Argumentum ad populum

Schermafdruk 2018-03-17 22.34.41

The arguer states that he is the world’s greatest writer of 140 character sentences and supports this claim by mentioning that many people have said so. Since the argument fits the form q is T, because q is Z, it can be identified as a second-order predicate argument. While ‘T’ has the fixed meaning ‘is true’, in this specific case, q is instantiated by ‘that I am the world’s greatest writer of 140 character sentences’ and Z by ‘was said by many people’.

That I am the world's greatest writer of 140 character sentences (q) is true (T), because that I am the world's greatest writer of 140 character sentences (q) was said by many people (Z)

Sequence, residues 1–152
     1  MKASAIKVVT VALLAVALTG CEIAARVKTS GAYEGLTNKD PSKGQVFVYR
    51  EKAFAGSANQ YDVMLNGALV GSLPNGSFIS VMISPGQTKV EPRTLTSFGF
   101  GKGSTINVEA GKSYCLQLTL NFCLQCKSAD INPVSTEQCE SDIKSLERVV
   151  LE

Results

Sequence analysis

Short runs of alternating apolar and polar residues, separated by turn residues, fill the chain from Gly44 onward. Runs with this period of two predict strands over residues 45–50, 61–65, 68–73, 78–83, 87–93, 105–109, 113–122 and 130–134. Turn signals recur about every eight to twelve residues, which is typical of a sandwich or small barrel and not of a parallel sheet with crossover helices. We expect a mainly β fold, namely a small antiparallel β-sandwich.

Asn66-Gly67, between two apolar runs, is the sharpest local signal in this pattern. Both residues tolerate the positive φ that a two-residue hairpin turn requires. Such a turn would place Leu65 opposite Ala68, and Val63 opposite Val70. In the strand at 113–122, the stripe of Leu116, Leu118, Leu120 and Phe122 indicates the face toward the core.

Second-order predicate arguments are further differentiated by identifying the types of statement in the conclusion and the premise. In this case, the former is a statement of (logical) value and the latter a statement of fact, which means that we are dealing with a second-order predicate argument supporting a value with a fact (1 pre VF).

The trivial name of second-order predicate arguments is derived from the characterization of the relationship between the predicates Z and T. In this example, the argument is based on the idea that the fact that something was said by many people (Z) establishes its truth (T). We can therefore call such an argument an ‘argumentum ad populum’. Traditionally, it is also known under the names of ‘argument from the many’ and ‘mob appeal’.


The example is a tweet by Donald J. Trump on July 24, 2014.

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